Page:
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Different strokes

Mohammed Azharuddin speaks to K. PRADEEP about Kerala, strikes, life and his future

Photo: Mahesh Harilal

THE LOVE and affection that cricket fans still have for Mohammed Azharuddin is simply unbelievable. The picturesque Kochi Refineries Limited ground at Ambalamugal in Kochi never draws big crowds. But when Azhar made a cameo appearance for Hyderabad in the South Zone Veterans' Cricket Tournament held over the weekend, there was a virtual chaos. Azhar was swarmed by school children, cricketers and countless fans. In whites once again, his shirt collar turned up in that patented style, Azhar was turning out for a regular game of cricket after a long time. And the former Indian skipper appeared comfortable in the company of his former Hyderabad teammates.

Azhar's dream

These days Azhar is busy doing other things than playing cricket. The life ban imposed on him by the Indian cricket authorities for his alleged involvement in the match-fixing issue has cut short his cricketing career. Azhar is now involved in his state-of-the-art health club set up in Hyderabad and a little bit of coaching. "You can't call it coaching as such. I go to schools when invited and help the youngsters with some tips on batting and fielding. I wish to begin a cricket academy but I'm not sure when. It was so nice of Arshad (Ayub) to call me once in a while to his clinic where I spend some time with the trainees," says Azhar flashing that ever-present smile.

Azhar spent a good part of the long drive from the airport speaking into his cellphone. He appeared a bit bothered when the driver slowed down a bit allowing those in a nearby vehicle to have a glimpse of him. When he spoke he tried hard to evade any sort of talk on his personal life and even cricket. And the effort was so very obvious.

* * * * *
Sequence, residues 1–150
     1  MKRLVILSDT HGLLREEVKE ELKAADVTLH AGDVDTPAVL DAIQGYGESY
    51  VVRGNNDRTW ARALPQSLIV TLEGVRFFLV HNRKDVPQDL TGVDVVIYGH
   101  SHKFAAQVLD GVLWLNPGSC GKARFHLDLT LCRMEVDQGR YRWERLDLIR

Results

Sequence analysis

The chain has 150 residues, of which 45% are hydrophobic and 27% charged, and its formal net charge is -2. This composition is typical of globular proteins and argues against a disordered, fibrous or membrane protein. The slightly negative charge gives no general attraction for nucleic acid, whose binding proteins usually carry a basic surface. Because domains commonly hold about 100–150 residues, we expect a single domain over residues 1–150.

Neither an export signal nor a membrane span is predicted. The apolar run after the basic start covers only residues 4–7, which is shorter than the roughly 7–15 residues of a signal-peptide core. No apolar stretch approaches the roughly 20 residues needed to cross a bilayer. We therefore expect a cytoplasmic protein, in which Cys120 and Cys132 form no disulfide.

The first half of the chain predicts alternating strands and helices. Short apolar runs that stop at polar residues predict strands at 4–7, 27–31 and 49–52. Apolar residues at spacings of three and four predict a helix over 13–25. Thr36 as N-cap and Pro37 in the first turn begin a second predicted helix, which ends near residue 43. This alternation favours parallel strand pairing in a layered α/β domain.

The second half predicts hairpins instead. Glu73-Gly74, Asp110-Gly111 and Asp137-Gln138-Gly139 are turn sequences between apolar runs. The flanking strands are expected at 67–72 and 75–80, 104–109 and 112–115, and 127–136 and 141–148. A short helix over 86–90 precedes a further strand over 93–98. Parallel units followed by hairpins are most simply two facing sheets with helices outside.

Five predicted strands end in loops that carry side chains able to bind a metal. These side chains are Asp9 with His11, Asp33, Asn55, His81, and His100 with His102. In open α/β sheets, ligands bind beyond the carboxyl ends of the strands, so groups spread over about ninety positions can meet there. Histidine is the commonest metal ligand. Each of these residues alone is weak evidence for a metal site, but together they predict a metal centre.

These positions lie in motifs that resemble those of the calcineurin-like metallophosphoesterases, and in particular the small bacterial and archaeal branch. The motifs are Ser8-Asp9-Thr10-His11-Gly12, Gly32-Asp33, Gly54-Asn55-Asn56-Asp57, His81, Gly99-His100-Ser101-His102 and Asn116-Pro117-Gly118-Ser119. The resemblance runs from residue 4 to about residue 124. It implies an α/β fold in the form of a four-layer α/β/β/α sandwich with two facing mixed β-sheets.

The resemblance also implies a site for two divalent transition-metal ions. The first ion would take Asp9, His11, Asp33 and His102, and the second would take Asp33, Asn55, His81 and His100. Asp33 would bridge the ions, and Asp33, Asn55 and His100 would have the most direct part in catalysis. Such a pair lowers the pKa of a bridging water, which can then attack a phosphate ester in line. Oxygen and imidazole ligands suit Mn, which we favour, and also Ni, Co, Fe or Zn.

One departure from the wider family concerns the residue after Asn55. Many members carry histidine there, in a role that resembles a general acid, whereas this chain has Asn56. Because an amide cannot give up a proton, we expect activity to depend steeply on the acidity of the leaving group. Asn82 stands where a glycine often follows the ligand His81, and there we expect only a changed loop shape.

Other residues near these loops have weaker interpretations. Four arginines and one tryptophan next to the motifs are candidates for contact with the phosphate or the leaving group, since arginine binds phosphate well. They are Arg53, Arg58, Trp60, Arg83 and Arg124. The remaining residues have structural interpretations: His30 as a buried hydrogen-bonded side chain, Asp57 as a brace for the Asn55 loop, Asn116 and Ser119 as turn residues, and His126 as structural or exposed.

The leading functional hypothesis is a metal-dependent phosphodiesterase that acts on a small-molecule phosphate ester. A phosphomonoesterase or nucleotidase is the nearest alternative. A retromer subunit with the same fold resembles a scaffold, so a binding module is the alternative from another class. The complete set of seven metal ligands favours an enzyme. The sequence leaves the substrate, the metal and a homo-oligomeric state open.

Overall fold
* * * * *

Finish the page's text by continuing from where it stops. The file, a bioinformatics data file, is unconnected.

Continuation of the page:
There were those usual questions like "It's just February and why is it so hot?" There were enquiries about the ground where he was to play, the teams and the players. But there were flashes of the Azhar that one knew, his respect for the seniors, fellow cricketers and others when he made specific enquiries about some of the former cricketers of the State.

Boy next door

Azhar was always perceived as being quiet, inward, with a reputation of the boy next door. Azhar's metamorphosis from that calm, introverted young man to a dapper, fashion model-like image was simply stunning. Known to talk only about his game, Azhar now indulges animatedly on subjects ranging from society, politics and business.

"Kerala is a safe State isn't it? There is relatively less of theft and violence here. Look, you find so many houses on the fringes of the highway. It must be safe."

Like in the case of many, politics, Azhar feels, has been the bane of this beautiful State. "I believe there are so many strikes that people hesitate to invest in Kerala. Of late, I learn, the situation has improved. I'm sure with all its advantages this State can surely turn into a paradise."

A sudden burst of heavy traffic forces the speeding car to slow down a bit. Azhar looks around and enquires, "How is the business scene like? What is it that really goes in Kerala? Is it agriculture, coconuts and all that?"

Resigned to his fate

The only batsman in Test history to be stranded at 99 Tests, Azhar had always hoped, even during those tumultuous days following the break of the match-fixing scandal and the subsequent ban that he would be able to play one more game for India. But now he seemed to have resigned to his fate. "I don't find a chance to come back," he said. And when one from the crowd added that they would pray for him Azhar smiled, that toothy grin again, and thanked him.

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